Whether we’re watching TV or looking at magazine covers in the grocery store, we’re bombarded with images of beautiful people. Beauty is a billion-dollar industry. Despite the new anti-aging products that seem to pop up every week, the fact is that none of us is getting any younger. Now add chronic kidney disease (CKD) to the equation. Of course, we non-Hollywood types could never compete with models who are airbrushed by famous photographers, but here are some tricks and tips that help me look healthier.
Let’s start out with our skin. Medication and the dialysis procedure itself both affect the skin. During dialysis, our skin shrinks as fluid is removed, and on nondialysis days, our skin stretches because we’re retaining fluid. This makes our skin very dry, so it’s important to be diligent about using body lotion. In the daytime, make sure that lotion has a high sun protection factor to guard against skin cancer. Those who have had a transplant are especially at risk because the immunosuppressant medications make them more sensitive to the sun. Having your dermatologist do a complete skin check twice a year is essential.
Taking large doses of prednisone for so many years made my skin—especially the skin on my shins—very, very thin. In addition, I have a lot of bruises on my legs that have never gone away. My dermatologist told me that these marks are in fact not bruises but rather stains from iron treatments. Unfortunately, he confirmed that these stains will decorate my legs forever. Laser treatments only made them worse. I’ve tried unsuccessfully to cover them with makeup, and nothing works for me. If you haven’t taken prednisone for as many years as I have, your skin will be in better condition and foundation should work. I also have heard that stage makeup works for some people.
Within 24 hours of starting to take those large doses of prednisone to treat my lupus, I had a rash on my forehead called steroid acne. That certainly did a number on my self-confidence. I tried everything to get rid of it, but nothing worked. Later, as the prednisone dose was decreased, the acne did improve, only to return 10 years later (in 1999) when I received a transplant and the dose was increased.
One evening I was watching an infomercial and decided to order the product, a skin care system called Proactiv®. Within three weeks, the acne was gone. Now 12 years later, I still get acne sometimes but it clears up quickly with Neutrogena® Rapid Clear (Acne Eliminating Spot Gel), which can be found at many stores.
We know that being anemic or just plain sick can make us look pale. Also, those taking immunosuppressants must stay out of the sun, and others just don’t have the strength or the motivation to go outside all that often. Tanning cream keeps me from looking like Casper the Friendly Ghost. I’ve tried every tanning cream on the market, and they’ve come a long way in the past decade. I recommend using a moisturizer with a tanning cream in it about twice a week. This is easier to use than a general tanning cream because the margin of error of turning a weird orange color is very small. Another tip for looking a bit healthier is to apply a little blush to your cheeks. Bronzer is somewhat like blush, but it’s a bit more on the tan side. I use it occasionally in addition to blush for a sun-kissed look.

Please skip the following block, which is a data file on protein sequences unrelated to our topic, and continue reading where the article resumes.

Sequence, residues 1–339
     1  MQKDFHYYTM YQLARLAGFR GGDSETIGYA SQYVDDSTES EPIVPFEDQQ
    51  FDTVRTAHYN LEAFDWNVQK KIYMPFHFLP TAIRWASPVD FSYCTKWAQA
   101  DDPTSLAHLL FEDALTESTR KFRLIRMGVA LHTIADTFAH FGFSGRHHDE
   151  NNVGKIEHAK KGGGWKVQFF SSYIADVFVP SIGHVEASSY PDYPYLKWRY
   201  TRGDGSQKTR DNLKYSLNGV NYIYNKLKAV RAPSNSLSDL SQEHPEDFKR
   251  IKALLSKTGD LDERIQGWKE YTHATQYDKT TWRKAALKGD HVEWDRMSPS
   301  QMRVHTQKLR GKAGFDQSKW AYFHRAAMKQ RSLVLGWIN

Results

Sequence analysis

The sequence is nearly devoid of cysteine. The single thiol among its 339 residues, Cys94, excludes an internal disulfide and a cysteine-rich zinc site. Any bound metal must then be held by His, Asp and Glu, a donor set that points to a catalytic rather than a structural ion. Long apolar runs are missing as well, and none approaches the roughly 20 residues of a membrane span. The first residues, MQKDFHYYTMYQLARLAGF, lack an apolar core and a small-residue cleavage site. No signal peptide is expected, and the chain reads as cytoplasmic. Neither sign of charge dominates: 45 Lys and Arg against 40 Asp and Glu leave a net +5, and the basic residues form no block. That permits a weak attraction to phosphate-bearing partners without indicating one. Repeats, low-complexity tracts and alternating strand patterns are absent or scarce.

When you’re up all night because of pain, restlessleg syndrome, or insomnia, your eyes look tired the next morning. Under-eye concealer is quite helpful in covering those dark circles. Concealer is like foundation but a bit more concentrated.
Medication, infection, CKD in general, autoimmune diseases, and high fevers can cause our hair to thin. I know that many women (and their husbands) like long hair, but after losing all my hair on three separate occasions, I find that shorter hair works best for me.
The first time I lost my hair was in 1993, when I was being treated with Cytoxan® for lupus. I ended up wearing a wig, which was nice on my wallet—no more haircuts, no more dye jobs! My hair eventually grew back, but it fell out twice more over the next few years. During times when I don’t feel good my hair tends to get thin, so keeping it shorter makes it look thicker and makes me feel more comfortable with my appearance.
We’ve all experienced swelling in our legs, feet, and ankles, but I never knew that all soft tissue can swell. When my kidneys were failing, I would wake up in the morning and not recognize myself in the mirror. My face, and especially my eyelids, were retaining a lot of fluid. I found it embarrassing, so I kept using more pillows when I slept. Eventually I used three, I think, so I was basically sleeping sitting up. It helped, but the fluid was only building up in my abdomen instead. I knew that it was nothing but vanity, but I’d rather wear pants with an elastic waist than have my face look so distorted.
I’m sure that other women have great tips for looking good, but these help me look a bit healthier and feel more self-confident.
About the author
Julie Glennon received a successful kidney transplant in 1999 after being diagnosed with both lupus and chronic kidney disease in 1988. She keeps active by volunteering with The Kidney Association of South Florida where she lives with her husband. She is also a weKAN activist and KidneySpace moderator with RSN.
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